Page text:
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Why Destination Targeting matters for brands in Travel Retail

By Blackjack Promotions  //  Wed 23rd August 2017
Retailers and brand operating in the travel retail space need to understand how the airport audience changes as time progresses and tailor their product offering and marketing accordingly, says Fiona Tindall of experiential and staffing agency Blackjack Promotions.

Airports are a very special space for brands and retailers - they offer a captive audience of consumers with time to fill while they wait for the flights, money in their pockets and an open-ness to new experiences and new products.

But if marketers are to reach air travellers in the airport environment successfully, they have to understand that they are not dealing with one single audience, but with many. The demographics of the flying public will change hour by hour, day by day, depending on where flights are coming from or going to.

Time of year also matters, with passenger profiles changing according to the season - plus airports, retailers and brands need to be sensitive to local holidays and festivals.

In the travel retail industry, we call this 'Destination Targeting': analysing the consumer makeup in a particular airport as time goes by and adapting product offering and marketing messages (often multiple times across the course of a single day) to reflect changes in spending power, language and cultural preferences.

Because of the way global air travel works, flights to and from particular countries and regions tend to be grouped together into a time slot, rather than evenly spread across the day or week. It depends on where and in what time zone the airport is, of course: but as an example, flights to China from Heathrow tend to depart between 10am and 4pm every day. Then the cycle will move on to another region - Russia, for example.

Why does this matter? Because different nationalities like to buy things and they like to marketed to in different ways. All of them however, really appreciate being able to talk to a sales person or brand ambassador who speaks their own language.

The Chinese, for example, have a strong gifting and wrapping culture, while Russians love to own the latest fashion labels.

This is why more and more marketers are actively turning to Destination Targeting, spotlighting the highest-spending nationalities, directly targeting them at airports around relevant flight times and in the relevant terminals and providing native language speakers to help with their every need - from shopping to finding their way around the airport.

As the balance of spending power shifts around the world, destination targeting is set to become an even more important skill for travel retail brands to adopt and understand. And with airports under pressure, targeting the higher spending nations makes good business sense.

There is an absolute wealth of information at the fingertips of airports and retailers about the profile of customers, along with a very good idea of what those passengers like to buy.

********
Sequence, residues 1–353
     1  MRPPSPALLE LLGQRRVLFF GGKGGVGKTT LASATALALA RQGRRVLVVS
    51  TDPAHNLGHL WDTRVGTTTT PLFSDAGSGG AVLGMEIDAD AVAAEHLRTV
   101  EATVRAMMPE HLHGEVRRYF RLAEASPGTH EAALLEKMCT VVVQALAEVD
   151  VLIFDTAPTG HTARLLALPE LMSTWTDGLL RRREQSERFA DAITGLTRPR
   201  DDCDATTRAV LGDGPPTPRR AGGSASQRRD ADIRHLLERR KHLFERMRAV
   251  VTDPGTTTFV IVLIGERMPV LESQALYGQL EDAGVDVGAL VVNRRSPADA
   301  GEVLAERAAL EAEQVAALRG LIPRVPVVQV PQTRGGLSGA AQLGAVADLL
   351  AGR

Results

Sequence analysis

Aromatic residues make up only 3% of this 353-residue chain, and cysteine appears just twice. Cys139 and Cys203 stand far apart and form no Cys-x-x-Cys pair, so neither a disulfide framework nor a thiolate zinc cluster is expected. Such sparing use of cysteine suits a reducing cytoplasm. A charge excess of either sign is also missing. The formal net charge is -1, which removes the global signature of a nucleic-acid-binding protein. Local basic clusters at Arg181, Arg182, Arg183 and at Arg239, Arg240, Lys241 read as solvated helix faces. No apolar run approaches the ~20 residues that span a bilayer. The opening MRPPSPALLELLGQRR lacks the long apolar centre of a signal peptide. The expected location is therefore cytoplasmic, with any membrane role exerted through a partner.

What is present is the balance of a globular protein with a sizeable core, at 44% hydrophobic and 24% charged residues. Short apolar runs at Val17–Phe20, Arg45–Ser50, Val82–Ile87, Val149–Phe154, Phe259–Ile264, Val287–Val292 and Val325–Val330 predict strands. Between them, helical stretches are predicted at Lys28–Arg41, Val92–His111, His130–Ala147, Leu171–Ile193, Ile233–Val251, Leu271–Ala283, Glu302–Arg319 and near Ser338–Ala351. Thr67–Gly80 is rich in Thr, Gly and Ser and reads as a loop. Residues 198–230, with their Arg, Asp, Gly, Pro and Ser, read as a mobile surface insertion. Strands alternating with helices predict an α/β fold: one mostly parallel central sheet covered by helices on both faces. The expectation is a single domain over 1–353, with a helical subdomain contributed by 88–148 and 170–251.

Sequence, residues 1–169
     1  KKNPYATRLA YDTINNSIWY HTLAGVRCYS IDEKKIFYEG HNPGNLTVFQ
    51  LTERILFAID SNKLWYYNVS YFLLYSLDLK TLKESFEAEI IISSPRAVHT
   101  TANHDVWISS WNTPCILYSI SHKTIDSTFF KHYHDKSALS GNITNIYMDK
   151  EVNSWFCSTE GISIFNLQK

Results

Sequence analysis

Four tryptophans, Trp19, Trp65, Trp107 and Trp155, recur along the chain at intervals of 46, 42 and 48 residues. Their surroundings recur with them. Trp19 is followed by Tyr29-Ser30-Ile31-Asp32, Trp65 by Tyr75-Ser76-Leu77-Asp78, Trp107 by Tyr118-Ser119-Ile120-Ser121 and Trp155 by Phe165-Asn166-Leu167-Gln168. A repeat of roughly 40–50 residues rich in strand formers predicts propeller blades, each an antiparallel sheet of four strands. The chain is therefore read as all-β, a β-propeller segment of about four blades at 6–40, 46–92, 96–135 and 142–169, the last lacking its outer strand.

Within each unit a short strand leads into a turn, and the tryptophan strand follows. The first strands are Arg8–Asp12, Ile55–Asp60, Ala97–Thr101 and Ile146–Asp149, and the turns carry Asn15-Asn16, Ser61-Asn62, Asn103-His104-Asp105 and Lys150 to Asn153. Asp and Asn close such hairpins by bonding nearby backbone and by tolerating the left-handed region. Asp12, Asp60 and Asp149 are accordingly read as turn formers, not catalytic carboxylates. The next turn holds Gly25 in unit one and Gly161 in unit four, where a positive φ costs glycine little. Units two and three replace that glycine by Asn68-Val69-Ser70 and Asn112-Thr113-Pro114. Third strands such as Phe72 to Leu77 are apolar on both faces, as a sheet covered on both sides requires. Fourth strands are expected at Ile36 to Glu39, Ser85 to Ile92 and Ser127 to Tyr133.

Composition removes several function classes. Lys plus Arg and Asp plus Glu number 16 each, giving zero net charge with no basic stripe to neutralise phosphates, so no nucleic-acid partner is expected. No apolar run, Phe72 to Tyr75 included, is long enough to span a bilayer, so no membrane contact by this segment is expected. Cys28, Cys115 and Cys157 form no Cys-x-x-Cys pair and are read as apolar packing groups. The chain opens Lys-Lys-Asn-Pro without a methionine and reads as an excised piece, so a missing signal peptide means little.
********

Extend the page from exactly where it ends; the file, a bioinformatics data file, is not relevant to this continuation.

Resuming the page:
Furthermore, there is the all-important airside dwell time pre-boarding where airports and retailers essentially have a captive audience looking for distraction and retail therapy.

It is essential, however, that any Destination Targeting plans are well researched and well executed - getting it wrong is not an option.

This is particularly relevant with destination targeted events, as mimicking a national costume or tradition in an inappropriate way could have disastrous consequences!

Airports, retailers and brands that can manage the logistics of changing the product and the promotion and fine-tuning their focus through the course of one day will be on to a winner.

Marketers also need to exploit the value of the location the airport is in - research with air travellers consistently shows that they prefer airports which celebrate their own national, regional or local identities over those which could be in any city in any country of the world.

Take a look at how Heathrow's retail outlets create a 'sense of place' with British brands and iconic British food and beverage on offer. This quintessentially British approach has its own appeal to other nationalities who want to savour 'Britishness' while they can.

Planning and research are paramount. Getting Destination Targeting right needs attention to detail, sensitivity to cultures and customs and a focus on how best to achieve the desired outcome.

Profitability and ROI are always a consideration for any activation or investment in skilled staff; but that does not mean to say that the cheapest option will be the best. Never compromise on the quality of an event or experiential activity. Return on investment will always be greater for a well-executed activity that respects and audience's traditions and customs than for something at the other, cheaper end of the spectrum.

To discuss incorporating Destination Targeting into your brand campaigns, please get in touch with Fiona Tindall on 020 3617 5149. 

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